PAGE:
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Campus sex assault bill would codify standards in Mississippi that might be on the way out in D.C.

By and   /   February 2, 2017  /   News  /   No Comments

Photo by Steve Wilson

ON CAMPUS: A bill in the Mississippi Legislature could codify a controversial federal mandate that could reduce due process rights for those accused of sexual assaults at the state’s public universities and community colleges.

Legislation that would add a contentious Obama administration mandates on campus sexual assault procedures to Mississippi law is still alive in the state Legislature, even if they are tottering at the Department of Education.

The bill was approved Tuesday by the House Judiciary B Committee and is already on the House calendar.

The measure,  sponsored by state Rep. Angela Cockerham, D-Magnolia, would require the state institutions of higher learning to implement a comprehensive policy toward allegations of sexual violence, domestic violence and stalking that goes a step beyond one proposed by the federal government in 2011.

Photo by the State of Mississippi

SPONSOR: Mississippi state Rep. Angela Cockerham wants to enshrine in Mississippi law controversial federal mandates on campus sexual assault cases.

The Department of Education’s Office of Civil Rights said in its 2011 “Dear Colleague” letter that under Title IX — which prohibits discrimination on the basis of sex in any federally funded education program or activity — that universities and colleges are to use a “preponderance of evidence” standard to adjudicate claims of sexual violence, a much lower standard than the “beyond a reasonable doubt” standard of proof used in criminal courts.

The “preponderance” standard means that campus adjudicators just have to be 50.01 percent sure that an assault took place.

Critics say the policy has reduced due process rights for the accused and compromised the impartiality of investigators. It also restricts an accused’s right to counsel and doesn’t require that the accuser be present at a hearing.

Joe Cohn, legislative and policy director for the Foundation for Individual Rights in Education, recently wrote of the Mississippi bill:

“Legislators should keep in mind that procedures that are unfair to the accused actually harm the long-term interests of victims of sexual assault, because they damage the credibility of campus proceedings and diminish public confidence in their results. FIRE hopes the legislature will rethink the bill and either replace its problematic provisions with language that reflects the rights of all students or abandon the bill altogether.”

FIRE noted several instances in which the bill is unfair to the accused beyond the low standard of evidence. The bill refers to accusers as “survivors” throughout, creating a bias against the accused right from the beginning. To be a “survivor,” one must have survived something, making a false or exaggerated accusation determination impossible.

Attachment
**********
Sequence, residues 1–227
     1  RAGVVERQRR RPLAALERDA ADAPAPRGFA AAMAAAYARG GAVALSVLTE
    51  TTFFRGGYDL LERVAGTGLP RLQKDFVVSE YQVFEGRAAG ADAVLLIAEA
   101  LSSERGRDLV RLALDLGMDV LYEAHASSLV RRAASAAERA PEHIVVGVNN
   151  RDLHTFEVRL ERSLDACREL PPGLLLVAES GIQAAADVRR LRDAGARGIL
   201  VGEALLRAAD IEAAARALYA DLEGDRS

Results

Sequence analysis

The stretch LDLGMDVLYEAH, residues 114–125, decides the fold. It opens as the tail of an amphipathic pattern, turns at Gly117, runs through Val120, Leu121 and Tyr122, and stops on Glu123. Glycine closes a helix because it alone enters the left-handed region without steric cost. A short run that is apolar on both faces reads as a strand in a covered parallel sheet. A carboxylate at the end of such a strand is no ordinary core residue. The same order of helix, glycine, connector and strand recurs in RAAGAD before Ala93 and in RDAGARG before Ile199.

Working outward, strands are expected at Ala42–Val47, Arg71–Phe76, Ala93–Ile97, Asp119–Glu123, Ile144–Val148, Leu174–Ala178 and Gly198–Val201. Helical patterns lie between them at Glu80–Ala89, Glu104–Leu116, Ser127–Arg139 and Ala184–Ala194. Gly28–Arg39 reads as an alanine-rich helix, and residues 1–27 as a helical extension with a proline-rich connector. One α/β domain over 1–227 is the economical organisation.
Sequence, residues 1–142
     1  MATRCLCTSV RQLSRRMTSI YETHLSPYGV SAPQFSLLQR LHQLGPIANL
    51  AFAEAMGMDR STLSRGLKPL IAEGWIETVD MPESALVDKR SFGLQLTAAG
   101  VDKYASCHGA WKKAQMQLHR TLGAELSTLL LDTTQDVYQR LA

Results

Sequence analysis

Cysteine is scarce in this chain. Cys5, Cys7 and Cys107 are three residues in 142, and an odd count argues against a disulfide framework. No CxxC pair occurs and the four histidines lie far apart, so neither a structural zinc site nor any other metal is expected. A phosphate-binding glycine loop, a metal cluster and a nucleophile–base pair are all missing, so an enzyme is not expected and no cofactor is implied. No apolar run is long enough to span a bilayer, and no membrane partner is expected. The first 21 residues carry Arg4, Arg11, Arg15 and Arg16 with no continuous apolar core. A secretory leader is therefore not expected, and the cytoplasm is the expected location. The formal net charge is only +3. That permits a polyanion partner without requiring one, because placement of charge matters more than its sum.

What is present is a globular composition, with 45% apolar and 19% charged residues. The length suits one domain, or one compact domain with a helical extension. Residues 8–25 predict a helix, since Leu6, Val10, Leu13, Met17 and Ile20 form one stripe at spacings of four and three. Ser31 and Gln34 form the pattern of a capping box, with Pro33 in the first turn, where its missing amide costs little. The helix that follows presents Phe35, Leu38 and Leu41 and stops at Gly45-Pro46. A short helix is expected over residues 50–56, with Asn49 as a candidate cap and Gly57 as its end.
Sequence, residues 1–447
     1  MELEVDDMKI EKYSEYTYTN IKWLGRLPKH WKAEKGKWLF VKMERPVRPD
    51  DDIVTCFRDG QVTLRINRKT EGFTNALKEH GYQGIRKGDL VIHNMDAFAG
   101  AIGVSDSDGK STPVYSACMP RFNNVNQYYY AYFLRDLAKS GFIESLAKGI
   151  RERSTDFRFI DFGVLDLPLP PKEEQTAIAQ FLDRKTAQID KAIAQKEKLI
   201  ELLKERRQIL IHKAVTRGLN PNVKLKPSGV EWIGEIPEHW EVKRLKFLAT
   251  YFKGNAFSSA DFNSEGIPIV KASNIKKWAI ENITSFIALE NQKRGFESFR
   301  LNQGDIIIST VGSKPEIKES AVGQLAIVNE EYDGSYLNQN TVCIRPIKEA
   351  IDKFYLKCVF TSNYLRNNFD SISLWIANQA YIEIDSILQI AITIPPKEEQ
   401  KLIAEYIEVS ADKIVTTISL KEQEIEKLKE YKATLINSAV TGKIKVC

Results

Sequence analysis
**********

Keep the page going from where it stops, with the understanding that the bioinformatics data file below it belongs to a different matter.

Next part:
The bill provides students little chance to cross-examine their accuser, and can only submit questions to the campus fact-finder, who has discretion in which questions to ask. The bill also would not allow accused students to be represented by an attorney. Since anything they say in a campus investigation and hearing can be used against them in criminal court, not letting an attorney speak for them puts them in potential danger further down the road.
Accusers, under the Mississippi bill, would also have access to resources the accused would not, such as psychological help.
The bill insists that schools use “trauma-informed” or “victim-centered” investigative techniques. In practice, in college sexual assault cases these techniques have been used to make it impossible for an accuser’s story not to be deemed truthful by insisting that inconsistencies and vagueness are proof of trauma.

Jameson Taylor, vice president for policy at the conservative Mississippi Center for Public Policy, said new guidance from the Trump administration will likely supersede the Obama directive.

“They (the Obama administration) took these Title IX requirements for campus rape and drove a truck through that,” Taylor said. “It’s ironic that Mississippi is trying to enshrine into law a very questionable federal policy that is about to get rescinded.”

A lawsuit was filed in June challenging the legality of the lower evidentiary standard and lack of due process protections promulgated by the 2011 federal mandate.

Beyond the lawsuit, U.S. Sen. James Lankford, R-Okla., has been a thorn in the side of OCR after asking questions as to why the 2011 guidance document avoided public scrutiny. The original Obama-era directive is considered by critics to be invalid because it did not go through the proper notice-and-comment period required by the Administrative Procedures Act.

If the Mississippi bill is enacted, it would be the only state in the union required to use the lower standard of evidence if the Obama-era guidance is rescinded.

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